Equipped with data insights about his client, Ben is recommended to give James a call
The Next Best Action (NBA) model recommends calling James as it’s his preferred channel of communication based on previous records
Ben accesses previous client call records to double check the client’s phone number
Data visualisation is necessary for Ben to have access to the call records that reside in a remote system, whilst master data management ensures up-to-date information and a single source of truth, and data security confirms that Ben has the right to get hold of James’ number
Armed with relevant information displayed in a user-friendly format, Ben makes the call
With every interaction Ben has with his client, including notes made on the tablet, data is stored in a data lake. The higher the volume of data received, the readier and more equipped Ben will be for the next interaction with the client. This also means having a central storage repository that is capable of high data ingestion processing velocity - both structured and unstructured
The call ends on a pleasant note as James agrees to buy a life insurance policy for his newborn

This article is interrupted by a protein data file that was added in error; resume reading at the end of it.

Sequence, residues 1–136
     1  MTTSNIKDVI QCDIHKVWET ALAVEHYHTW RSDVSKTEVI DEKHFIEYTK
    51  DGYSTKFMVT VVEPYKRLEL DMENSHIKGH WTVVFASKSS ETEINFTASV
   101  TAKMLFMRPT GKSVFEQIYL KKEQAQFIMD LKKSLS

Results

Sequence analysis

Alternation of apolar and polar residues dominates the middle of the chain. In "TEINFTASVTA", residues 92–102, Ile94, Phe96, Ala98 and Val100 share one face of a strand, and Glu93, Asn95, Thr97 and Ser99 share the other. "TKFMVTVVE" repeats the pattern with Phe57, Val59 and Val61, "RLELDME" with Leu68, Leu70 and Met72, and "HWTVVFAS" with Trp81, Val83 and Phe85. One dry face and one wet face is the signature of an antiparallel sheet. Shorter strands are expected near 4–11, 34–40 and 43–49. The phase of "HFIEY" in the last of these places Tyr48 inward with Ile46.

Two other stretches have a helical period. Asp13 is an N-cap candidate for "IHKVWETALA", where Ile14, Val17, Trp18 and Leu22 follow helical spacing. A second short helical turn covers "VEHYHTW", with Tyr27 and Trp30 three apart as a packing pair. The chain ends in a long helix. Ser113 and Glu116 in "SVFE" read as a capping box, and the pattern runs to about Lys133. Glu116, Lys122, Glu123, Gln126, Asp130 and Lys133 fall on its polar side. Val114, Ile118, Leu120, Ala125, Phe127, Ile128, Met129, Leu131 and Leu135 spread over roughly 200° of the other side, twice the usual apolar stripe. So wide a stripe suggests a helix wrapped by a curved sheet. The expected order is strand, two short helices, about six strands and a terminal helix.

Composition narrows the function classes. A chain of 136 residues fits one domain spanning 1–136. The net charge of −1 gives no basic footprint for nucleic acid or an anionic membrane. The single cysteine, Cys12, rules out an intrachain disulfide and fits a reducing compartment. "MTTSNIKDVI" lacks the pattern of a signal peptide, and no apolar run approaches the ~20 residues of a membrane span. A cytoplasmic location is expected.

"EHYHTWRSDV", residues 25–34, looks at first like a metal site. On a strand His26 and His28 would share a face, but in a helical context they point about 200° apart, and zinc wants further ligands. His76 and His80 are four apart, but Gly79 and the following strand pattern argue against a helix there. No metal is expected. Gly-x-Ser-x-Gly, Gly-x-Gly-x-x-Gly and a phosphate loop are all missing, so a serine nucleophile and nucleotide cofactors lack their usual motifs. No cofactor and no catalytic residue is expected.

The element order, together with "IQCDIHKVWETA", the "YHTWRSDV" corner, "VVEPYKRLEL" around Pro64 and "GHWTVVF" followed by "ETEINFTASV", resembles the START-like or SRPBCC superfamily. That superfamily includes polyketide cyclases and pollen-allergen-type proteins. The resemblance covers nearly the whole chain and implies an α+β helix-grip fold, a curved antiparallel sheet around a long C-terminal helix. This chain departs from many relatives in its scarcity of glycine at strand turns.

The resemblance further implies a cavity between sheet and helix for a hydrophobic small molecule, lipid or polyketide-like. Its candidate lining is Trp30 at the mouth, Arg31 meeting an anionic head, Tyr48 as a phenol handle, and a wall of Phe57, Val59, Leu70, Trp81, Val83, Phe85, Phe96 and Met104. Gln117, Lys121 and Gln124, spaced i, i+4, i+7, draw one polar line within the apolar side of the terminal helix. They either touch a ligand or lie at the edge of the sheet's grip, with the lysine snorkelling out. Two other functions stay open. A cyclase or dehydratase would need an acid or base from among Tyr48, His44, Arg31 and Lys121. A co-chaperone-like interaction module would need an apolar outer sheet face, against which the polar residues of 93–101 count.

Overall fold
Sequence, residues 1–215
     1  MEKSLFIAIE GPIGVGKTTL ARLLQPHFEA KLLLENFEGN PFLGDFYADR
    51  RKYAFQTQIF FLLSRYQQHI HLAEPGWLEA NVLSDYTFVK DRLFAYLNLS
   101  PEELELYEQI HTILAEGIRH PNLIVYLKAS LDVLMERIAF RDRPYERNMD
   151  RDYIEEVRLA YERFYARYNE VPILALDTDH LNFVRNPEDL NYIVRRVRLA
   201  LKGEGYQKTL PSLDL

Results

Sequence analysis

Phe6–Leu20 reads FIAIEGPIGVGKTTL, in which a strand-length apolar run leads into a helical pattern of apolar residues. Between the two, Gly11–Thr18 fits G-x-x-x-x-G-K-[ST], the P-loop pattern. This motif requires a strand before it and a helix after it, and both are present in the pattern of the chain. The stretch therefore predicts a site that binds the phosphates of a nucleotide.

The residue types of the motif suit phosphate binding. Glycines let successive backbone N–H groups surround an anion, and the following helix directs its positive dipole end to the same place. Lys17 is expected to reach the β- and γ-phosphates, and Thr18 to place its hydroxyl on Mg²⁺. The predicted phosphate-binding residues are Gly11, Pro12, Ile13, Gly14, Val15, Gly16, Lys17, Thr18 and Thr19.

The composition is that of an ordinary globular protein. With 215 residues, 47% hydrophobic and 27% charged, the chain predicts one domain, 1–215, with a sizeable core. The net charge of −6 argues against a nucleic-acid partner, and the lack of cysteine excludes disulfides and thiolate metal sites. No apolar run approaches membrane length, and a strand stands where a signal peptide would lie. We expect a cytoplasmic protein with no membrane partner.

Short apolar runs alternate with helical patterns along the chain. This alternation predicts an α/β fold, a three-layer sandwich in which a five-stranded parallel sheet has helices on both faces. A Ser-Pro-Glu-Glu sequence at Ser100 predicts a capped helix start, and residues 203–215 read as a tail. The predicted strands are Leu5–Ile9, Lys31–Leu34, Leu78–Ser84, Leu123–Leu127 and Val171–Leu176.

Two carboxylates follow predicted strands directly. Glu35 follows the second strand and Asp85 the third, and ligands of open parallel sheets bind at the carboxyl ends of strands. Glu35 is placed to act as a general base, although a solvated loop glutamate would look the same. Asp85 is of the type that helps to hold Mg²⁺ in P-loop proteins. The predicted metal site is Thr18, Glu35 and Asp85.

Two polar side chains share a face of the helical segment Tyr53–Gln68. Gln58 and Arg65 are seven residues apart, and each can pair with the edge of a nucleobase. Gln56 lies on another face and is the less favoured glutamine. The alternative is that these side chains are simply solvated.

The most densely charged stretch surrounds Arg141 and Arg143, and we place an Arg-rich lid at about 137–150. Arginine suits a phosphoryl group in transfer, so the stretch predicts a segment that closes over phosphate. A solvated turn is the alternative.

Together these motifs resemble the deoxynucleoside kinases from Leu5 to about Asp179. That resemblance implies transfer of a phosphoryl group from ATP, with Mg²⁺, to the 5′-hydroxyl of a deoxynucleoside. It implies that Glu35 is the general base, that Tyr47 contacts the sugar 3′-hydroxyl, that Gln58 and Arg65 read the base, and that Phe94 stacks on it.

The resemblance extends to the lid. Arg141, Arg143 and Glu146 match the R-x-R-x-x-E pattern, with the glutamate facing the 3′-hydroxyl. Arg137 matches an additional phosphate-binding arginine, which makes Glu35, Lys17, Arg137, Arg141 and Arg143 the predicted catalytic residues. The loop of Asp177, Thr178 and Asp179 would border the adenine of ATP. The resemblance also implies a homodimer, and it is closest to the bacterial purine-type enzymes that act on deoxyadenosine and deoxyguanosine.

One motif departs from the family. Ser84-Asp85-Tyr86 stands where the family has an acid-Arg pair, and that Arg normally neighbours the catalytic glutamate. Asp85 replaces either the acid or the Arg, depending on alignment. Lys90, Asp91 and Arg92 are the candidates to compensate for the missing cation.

The deal is quickly closed via the call as James authenticates himself via biometric recognition (fingerprint and voice) and due to straight through underwriting leveraging existing customer data. Data is fed back into the data lake to allow the actuary to refine future products in a safe sandbox environment known as the data lab
Adapting your organisation
The right data and architectural foundation are incomplete without the right people. Training programs that enable employees to learn new analytics skills and utilise data in their day-to-day work must be introduced to prepare existing talents for a transformational shift. At the same time, insurers may need to bring new talents into the organisation with new roles such as UX designers, data scientists and data engineers. New minds bring fresh perspectives, ideas and ways of working, inspiring writing a data-driven culture and mindset into the DNA of the organisation.
Creating the data-driven insurer of the future
Many insurers already recognise the need to change and evolve into a whole new type of organisation to prevent disruption. viii They are investing in better management of data within their organisations and in developing and sourcing key talent. Notwithstanding, many insurers in this region, especially life insurers, still lack the capabilities needed to effectively leverage data within their own organisations, much less the wider stream of data coming from unconventional sources. Since a one-size-fits-all approach does not exist, building the necessary ecosystems, partnerships. Infrastructure and company culture will be crucial in enabling insurers to become truly data-driven. The time to walk the talk is now, putting idea into plan, and plan into action, before the dividends become too small.